Stylistically divided with soulful singalongs, outlaw-country tinged ballads and introspective, slightly rambling acapella stories, Immediate Family takes on many of this generations problems and how past generations can shape the solutions to the problems, and be the cause of them. “Caster” bravely and melodically shows an acceptance and celebration of transgender people in maybe one of the most endearing and just plain wonderful singles of the year. It could’ve turned into a song where they try to show just how progressive they are, but they don’t. It’s not pandering; it’s poetry. Another track, “Family Circle”, takes a close look at how your family can shape you and each generation of your family, fractured or no, bedded by a beautiful piano riff and a sneaky violin.

This is Mumford’s most incredible work to date. Mumford’s built its name on its sweaty live shows, so to make an album this deep and poignant had better work well, and luckily for them, it works in spades.


For Gloom Balloon, it took a near-complete breakdown to make something this deep. Patrick Tape Fleming is best known as singer, guitarist and complete ball of energy in the Poison Control Center. Exuding that much energy and emotion for the better part of decade can lead a man to continually seek that endorphin high that only performing can give. When PCC decided to take a break, Tape Fleming lost that outlet and slipped into a depression. His suicidal thoughts, unhealthy malaise and loss of his hero (Olivia Tremor Control’s Bill Doss) caused him to re-examine his artistic output. This lead to Gloom Balloon, a very different project than PCC, and yet still rooted in what makes that band work.

Raw and emotional, You Make Me Feel Like A Natural Disaster/Fix The Sunshine Pts. 1-7 (An Ode To Bill Doss) doesn’t entirely leave the PCC aesthetic behind. Most of the tracks fit into that less-than-or-equal-to 3 minute pop ditty. The presentation is so much different than the four piece, guitar-heavy PCC we all know and love. Gone are the pop rock guitars and sometimes shouty vocals. In its place are electronics and samples and saxophones and violins and a severe downturn in tempo. “Fix The Sunshine” has that same sort of PCC vibe, but the vocals and presentation changes the vibe entirely.

Take, for example, PCC’s well known oft-concert ender “Magic Circle Symphony”. The chorus is “Love. Love is the answer. Until you get cancer. Then you’re lying, dying, dead.” Somehow the music makes that repeated affirmation somewhat joyous and acceptable. Similarly, “Fix The Sunshine” has a chorus that goes “All the children in the world are one day gonna die and so will you and I” and it still feels okay, and yet I was much more reminded of mortality rather than joy. Where “Magic Circle” gives you optimism “Sunshine” seems to slap you with reality.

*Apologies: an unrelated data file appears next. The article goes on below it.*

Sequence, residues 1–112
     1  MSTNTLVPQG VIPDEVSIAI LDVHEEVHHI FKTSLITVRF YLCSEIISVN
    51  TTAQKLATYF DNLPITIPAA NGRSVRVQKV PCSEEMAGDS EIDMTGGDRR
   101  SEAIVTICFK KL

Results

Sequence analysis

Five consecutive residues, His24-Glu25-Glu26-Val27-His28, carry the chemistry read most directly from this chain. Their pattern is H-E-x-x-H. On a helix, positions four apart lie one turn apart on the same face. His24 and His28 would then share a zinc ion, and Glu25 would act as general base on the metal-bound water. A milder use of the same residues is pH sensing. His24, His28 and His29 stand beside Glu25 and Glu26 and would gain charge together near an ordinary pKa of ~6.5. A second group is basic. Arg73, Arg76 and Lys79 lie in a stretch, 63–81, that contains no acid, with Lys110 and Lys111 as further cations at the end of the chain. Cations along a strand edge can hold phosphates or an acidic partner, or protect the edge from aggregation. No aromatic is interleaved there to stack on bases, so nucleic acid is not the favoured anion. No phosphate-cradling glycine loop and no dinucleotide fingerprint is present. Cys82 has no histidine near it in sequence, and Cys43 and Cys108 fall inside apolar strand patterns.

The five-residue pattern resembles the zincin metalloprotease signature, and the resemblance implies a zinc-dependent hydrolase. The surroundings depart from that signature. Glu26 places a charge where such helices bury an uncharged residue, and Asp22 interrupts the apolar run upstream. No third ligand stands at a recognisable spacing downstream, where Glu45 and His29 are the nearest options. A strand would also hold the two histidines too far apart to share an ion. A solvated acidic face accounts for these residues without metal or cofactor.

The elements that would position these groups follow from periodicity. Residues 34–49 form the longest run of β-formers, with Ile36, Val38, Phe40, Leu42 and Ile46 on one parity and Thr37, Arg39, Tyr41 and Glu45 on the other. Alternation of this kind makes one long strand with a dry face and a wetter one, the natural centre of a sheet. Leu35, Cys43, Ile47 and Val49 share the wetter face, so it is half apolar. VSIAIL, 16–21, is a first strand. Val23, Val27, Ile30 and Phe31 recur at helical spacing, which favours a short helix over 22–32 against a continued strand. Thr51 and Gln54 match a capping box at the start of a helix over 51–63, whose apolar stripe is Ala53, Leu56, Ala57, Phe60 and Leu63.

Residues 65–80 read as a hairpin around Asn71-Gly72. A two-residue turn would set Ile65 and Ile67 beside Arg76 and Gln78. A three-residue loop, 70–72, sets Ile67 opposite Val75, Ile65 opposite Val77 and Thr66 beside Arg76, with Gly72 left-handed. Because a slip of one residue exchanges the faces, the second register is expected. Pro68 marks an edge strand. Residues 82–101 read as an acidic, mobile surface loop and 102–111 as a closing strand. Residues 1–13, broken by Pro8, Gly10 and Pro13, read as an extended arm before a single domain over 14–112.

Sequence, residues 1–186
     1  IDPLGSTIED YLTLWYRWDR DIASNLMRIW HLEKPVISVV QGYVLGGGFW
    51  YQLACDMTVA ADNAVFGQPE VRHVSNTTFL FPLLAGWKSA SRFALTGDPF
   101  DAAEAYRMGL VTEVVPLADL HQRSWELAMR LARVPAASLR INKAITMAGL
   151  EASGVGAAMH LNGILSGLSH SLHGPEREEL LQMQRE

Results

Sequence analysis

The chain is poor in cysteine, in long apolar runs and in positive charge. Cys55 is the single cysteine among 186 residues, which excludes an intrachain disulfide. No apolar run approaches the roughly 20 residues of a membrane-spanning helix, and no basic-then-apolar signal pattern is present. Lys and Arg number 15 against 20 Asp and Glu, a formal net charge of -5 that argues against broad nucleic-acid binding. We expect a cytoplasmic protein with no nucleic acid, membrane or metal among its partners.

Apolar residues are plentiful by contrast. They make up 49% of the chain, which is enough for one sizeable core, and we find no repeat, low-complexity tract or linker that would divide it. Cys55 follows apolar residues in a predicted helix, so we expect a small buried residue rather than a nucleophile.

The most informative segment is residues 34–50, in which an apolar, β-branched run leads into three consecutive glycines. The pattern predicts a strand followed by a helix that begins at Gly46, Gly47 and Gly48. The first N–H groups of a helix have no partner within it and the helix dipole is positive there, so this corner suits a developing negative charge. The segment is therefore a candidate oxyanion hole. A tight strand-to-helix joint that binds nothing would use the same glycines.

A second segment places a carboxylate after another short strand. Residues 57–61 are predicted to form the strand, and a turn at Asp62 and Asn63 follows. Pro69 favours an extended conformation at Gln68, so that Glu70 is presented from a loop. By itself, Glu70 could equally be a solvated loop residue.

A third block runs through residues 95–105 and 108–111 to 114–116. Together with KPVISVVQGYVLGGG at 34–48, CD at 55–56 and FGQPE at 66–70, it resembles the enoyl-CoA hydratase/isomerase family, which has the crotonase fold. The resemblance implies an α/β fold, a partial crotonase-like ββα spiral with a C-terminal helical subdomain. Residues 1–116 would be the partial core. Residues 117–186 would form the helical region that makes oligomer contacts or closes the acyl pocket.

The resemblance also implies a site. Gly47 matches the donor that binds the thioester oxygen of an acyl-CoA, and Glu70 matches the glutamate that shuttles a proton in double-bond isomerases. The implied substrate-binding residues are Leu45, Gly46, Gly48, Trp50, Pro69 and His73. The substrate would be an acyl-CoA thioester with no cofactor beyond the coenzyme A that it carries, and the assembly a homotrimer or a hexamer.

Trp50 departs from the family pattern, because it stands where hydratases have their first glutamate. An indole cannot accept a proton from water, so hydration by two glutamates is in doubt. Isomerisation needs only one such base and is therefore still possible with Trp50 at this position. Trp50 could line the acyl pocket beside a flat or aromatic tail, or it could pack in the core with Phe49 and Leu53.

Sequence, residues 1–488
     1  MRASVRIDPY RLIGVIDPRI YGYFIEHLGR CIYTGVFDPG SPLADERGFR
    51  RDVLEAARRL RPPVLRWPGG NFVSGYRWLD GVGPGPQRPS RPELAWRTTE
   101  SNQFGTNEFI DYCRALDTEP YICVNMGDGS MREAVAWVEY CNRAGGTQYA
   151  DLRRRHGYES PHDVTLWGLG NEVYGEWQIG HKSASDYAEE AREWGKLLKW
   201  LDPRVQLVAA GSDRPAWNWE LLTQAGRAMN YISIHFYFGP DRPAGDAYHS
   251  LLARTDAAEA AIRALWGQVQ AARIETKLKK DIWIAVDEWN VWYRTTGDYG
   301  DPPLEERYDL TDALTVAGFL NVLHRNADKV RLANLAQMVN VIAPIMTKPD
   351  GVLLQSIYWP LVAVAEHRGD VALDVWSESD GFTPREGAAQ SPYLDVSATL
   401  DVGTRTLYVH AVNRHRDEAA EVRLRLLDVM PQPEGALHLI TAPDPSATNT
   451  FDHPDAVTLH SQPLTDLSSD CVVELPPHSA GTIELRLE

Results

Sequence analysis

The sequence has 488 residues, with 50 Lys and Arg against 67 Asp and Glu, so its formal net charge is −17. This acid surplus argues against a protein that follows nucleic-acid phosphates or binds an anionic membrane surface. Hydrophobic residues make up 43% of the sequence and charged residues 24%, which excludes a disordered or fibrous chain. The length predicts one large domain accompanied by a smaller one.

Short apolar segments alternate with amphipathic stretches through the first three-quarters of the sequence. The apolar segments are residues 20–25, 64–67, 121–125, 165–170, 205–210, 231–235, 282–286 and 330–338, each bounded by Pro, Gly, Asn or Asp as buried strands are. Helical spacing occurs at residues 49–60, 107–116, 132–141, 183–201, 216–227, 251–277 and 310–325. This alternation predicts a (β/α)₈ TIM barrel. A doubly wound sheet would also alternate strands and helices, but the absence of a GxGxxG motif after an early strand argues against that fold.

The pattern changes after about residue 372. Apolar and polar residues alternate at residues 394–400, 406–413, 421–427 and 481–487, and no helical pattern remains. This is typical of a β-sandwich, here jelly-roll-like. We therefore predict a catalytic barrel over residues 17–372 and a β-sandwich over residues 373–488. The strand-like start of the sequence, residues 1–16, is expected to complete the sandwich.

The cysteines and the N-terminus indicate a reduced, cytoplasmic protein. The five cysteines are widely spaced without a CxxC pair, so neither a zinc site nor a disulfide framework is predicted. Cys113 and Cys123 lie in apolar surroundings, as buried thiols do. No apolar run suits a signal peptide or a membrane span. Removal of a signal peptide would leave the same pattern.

This has to do with the presentation of the album as a whole. Each track is deliberate and somewhat manipulative. If you pay close attention to the lyrics, you could feel one thing. If you pay attention to the instrumentals, you could feel another. Yet,you somehow understand both the instrumentals and the lyrics better because of their intricacies and occasional dichotomies. You get the joy and sadness of both mixed beautifully.

What both of these albums succeed with is an understanding that life is change. Life is maturing, growing up, letting friends move away, letting family pass on. And if you can accept that change, your life will be better for it. You will likely not be the same person you were, but you will, surely, be so much more.

I can see that change paying off. I can see it for Mumford’s, I can see it for Patrick Tape Fleming and I can see it for myself. Now rounding out of the steep learning curve, I question why I waited so long to make a change. I am still learning, improving, getting better, but I enjoy waking up in the morning more. I enjoy going to work and doing what I do. Gone, for the most part, is that anxiety of where my life is heading and how it will end. Parenting will always be a challenge, but I understand, now, that I can no longer just give a shit only about my hobbies, my activities and my social desires. Those two come first and I come after.

Hell, even the puppy is now resting comfortably at my feet instead of tongue kissing a baby or jumping on my head. Change is hard, change is scary but change is sometimes what is needed to truly succeed.